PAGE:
Audit: Company behind Texas "clean coal" project used federal funds for liquor, limousines and lobbying

The U.S. Department of Energy's inspector general says that a now-bankrupt company behind a defunct West Texas "clean coal" power plant spent more than $1.3 million in federal stimulus funds on things like spa service, alcohol, first-class travel and limousine services.


A now-bankrupt company that received a major federal stimulus grant to build a “clean coal” power plant in West Texas spent millions of taxpayer dollars on alcohol, lobbying, spa services and other questionable — or clearly unauthorized — expenses. 

That’s according to a report released last week by the U.S. Department of Energy’s Office of Inspector General, which found that under the Obama administration the department’s Office of Fossil Energy demonstrated blatantly lax oversight of a $450 million grant awarded in 2010 to Seattle-based Summit Power Group for the “Texas Clean Energy Project.” 

The coal-fired carbon-capture power plant — slated for a 600-acre plot near Odessa — was never built. It was championed by former Dallas Mayor Laura Miller, who went to work for Summit after leaving office in 2007. She left the company in mid-2016 after the Energy Department froze grant funding as the project struggled to get off the ground; it was nearly $2 billion over budget, years behind schedule and unable to find financing. 

The Energy Department spent about $116 million on the project before pulling the plug.   

The audit released Tuesday found that the Office of Fossil Energy reimbursed Summit for more than $38 million in expenditures without requiring or reviewing documentation to show the charges were allowable and necessary for the project. 

That included more than $1.3 million in charges for “questionable or prohibited travel-related expenses." Half of those expenses were charged by a lone consulting firm “for items such as a spa service, alcohol, first-class travel, limousine services, receipts in foreign currency, and business meals that were prohibited or not fully substantiated.” 

In a statement Tuesday that highlighted the company’s seven-year relationship with the Energy Department, Summit said it disagreed with the report's findings and noted that independent audits never found any issues.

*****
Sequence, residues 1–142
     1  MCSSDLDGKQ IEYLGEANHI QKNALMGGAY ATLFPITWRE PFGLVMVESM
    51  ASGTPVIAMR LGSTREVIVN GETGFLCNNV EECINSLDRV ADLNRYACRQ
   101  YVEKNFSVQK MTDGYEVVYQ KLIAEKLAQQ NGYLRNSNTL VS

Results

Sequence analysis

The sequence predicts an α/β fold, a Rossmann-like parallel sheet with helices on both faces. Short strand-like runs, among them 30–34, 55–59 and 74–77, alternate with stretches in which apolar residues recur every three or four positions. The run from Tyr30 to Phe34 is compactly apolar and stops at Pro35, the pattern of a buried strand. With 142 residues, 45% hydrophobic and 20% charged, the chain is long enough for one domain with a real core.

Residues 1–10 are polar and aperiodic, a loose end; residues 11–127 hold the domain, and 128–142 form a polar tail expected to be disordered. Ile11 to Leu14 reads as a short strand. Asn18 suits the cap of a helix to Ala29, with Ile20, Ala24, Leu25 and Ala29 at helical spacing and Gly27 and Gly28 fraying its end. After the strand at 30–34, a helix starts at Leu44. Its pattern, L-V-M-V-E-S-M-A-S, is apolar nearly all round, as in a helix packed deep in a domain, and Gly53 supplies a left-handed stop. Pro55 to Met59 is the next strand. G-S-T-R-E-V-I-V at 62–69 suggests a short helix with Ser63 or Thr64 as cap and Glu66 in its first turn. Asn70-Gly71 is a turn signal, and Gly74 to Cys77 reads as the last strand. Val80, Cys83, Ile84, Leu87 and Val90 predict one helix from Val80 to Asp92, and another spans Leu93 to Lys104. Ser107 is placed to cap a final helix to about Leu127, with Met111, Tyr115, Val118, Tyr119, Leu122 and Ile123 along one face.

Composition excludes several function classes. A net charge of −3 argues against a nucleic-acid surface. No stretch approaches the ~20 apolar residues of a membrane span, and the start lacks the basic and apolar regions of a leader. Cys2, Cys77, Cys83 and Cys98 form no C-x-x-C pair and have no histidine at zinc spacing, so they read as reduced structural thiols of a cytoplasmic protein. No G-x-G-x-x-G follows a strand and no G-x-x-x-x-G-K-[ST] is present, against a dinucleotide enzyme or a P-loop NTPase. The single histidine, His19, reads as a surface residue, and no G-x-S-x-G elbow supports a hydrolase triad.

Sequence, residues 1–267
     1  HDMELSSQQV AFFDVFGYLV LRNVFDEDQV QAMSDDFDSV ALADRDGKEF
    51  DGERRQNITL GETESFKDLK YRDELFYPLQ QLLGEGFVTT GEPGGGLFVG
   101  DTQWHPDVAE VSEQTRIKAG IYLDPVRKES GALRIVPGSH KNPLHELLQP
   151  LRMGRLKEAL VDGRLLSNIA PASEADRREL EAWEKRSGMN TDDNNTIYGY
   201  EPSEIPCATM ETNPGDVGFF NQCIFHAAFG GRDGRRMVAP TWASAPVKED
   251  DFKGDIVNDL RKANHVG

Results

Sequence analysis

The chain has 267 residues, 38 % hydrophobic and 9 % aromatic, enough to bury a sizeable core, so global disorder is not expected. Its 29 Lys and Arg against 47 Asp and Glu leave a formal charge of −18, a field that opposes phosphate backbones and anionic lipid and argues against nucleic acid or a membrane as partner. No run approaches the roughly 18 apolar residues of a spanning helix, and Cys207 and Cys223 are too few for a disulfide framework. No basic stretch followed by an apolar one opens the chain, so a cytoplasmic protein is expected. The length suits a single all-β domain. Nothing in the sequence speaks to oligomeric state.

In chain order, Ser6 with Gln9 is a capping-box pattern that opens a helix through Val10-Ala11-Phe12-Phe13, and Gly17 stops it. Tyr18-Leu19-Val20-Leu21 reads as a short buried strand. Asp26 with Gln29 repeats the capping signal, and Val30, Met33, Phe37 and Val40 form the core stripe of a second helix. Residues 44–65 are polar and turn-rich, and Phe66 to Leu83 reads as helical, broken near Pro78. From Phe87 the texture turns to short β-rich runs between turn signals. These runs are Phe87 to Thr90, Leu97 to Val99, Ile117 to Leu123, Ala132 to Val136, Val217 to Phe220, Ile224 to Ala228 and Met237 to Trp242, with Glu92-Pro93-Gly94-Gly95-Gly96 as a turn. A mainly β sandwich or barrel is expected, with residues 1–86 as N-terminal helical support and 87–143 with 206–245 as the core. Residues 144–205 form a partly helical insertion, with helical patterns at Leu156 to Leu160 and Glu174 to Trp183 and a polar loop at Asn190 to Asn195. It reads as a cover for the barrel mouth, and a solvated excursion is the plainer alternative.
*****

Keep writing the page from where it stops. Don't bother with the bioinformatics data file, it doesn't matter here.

“We are disappointed that the report was issued without any advance opportunity to review,” the statement said. “As a condition of receiving the award, Summit put in place rigorous financial oversight controls and as the report notes, the project underwent annual independent audits that found no significant findings or questionable costs.” 

Asked about the status of the project, Summit’s Chief Financial Officer Rick Burkhardt said via email: “As the report noted, the project company filed for bankruptcy in October of 2017.” 

Miller, the former Dallas mayor, did not immediately respond to a message seeking comment. 

Her support of the project was seen as an extension of one of her major initiatives in Dallas, where in the mid-2000s she spearheaded a successful statewide campaign against a power conglomerate’s plans to build 11 coal-fired power plants that then-Texas Gov. Rick Perry had championed. 

In 2005, Perry issued an executive order to help rapidly approve permits for the facilities — a move environmentalists and watchdog groups decried as a backroom deal to help political donors. TXU Energy, now known as Energy Future Holdings, ultimately scrapped plans for eight of the carbon dioxide-spewing plants. 

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